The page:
Earlier this year the Florida legislature voted to expand its Guardian program to allow teachers to be armed. Since then, the Parkland School Resource Officer, Scot Peterson, has been charged with negligence. Leaving even more questions about the responsibility and liability armed teachers face.
Are All Florida Teachers Going to Be Armed?
The short answer is no. The Guardian program allows each school district in Florida to vote as to whether or not they will participate in the program. According to the Florida Department of Education, as of May 30, 2019, 30 out of 67 were participating in some form of the Guardian program.
Senator Ed Hooper, who voted in favor of expanding the bill to arm teachers, stands by his decision. He tells Parentology, “Based on the recommendations of the Stoneman Douglas commission, this allows the districts to decide. There may never be an armed teacher in the state of Florida and that’s perfectly okay, too.”
Will Armed Teachers Have Support?
Teachers who choose to be armed must participate in a 144-hour training course and pass a psychological screening. After that, the support is unclear. The Florida Education Association, the state’s teacher’s union, isn’t able to offer help because they oppose the idea of armed teachers.
“We’re absolutely opposed to arming teachers. It would introduce all kinds of safety issues into the classroom,” FEA President Frederick Ingram tells Parentology.
Equally concerning is the question of liability for teachers who participate. These teachers will no longer have the state’s support should they face a lawsuit or legal action. According to The Miami Herald, the state recently changed the Department of Education’s insurance policy to exclude coverage for claims arising out of “armed instructional personnel while acting in the scope of their activities for the educational institution.” Leaving teachers who choose to arm themselves further exposed.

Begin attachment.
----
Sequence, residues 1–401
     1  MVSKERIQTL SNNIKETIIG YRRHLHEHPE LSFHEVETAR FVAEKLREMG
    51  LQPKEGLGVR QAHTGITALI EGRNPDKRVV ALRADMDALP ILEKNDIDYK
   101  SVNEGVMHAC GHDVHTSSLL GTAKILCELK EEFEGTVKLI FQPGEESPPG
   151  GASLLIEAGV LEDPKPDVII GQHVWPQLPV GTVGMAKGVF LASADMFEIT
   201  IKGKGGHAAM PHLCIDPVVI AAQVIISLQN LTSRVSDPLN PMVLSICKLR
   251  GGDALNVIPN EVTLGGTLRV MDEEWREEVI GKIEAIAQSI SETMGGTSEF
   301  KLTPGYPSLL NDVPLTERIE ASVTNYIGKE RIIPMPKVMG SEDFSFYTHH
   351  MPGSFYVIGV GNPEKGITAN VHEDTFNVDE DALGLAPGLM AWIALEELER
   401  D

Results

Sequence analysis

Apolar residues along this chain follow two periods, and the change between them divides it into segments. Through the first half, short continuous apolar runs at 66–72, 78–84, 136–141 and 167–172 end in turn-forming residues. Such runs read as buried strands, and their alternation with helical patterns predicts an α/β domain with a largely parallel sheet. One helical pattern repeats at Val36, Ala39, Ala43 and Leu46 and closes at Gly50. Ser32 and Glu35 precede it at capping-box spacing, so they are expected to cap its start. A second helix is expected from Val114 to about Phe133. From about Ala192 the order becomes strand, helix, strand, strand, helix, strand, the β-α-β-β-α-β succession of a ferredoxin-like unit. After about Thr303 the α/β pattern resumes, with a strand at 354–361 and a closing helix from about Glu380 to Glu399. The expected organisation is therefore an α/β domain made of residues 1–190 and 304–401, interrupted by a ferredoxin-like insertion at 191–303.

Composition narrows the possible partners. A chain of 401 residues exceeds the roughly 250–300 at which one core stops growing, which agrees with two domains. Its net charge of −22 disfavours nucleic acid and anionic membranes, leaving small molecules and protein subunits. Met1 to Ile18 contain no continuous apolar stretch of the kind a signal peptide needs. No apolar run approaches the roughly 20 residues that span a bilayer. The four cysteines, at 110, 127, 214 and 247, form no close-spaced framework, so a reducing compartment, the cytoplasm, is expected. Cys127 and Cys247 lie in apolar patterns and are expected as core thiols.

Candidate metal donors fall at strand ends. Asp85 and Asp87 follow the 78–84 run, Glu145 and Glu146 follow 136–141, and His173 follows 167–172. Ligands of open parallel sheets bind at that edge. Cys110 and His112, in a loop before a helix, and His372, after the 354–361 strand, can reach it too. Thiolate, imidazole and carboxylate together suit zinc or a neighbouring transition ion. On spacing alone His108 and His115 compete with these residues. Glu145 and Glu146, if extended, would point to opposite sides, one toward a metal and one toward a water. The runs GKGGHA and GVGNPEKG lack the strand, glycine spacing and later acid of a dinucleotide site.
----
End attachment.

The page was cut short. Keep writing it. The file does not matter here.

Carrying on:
Where Does Responsibility Begin and End?
The answer remains unclear. When asked about the liability that participating teachers may face, Senator Hooper says, “There’s no definitive answer yet. This is all so fresh and new. There will need to be legal opinions and discussion to determine that. But, if I were a teacher, I would want to know.”
According to Ingram, “These are issues of responsibility and legal liability. If an active shooter situation arises, do armed teachers stay with their classes and protect their kids, or do they run out to confront the shooter?”
In light of the recent charges against the Parkland Resource Officer, the question of what armed teachers will be held responsible for becomes even more confusing. “Could they be charged with a crime for failing to leave their students and going after the assailant?” Ingram asks. “We don’t know, but we do know that arming teachers will create new, potentially deadly risks for our students and school staff.”
Arming teachers started out as a controversial issue and remains the same. Even though the legislation has passed, the reality of armed teachers in the state of Florida leaves many unanswered questions. Legal, professional and personal liability will all likely come into question as parties on both sides seek to find answers.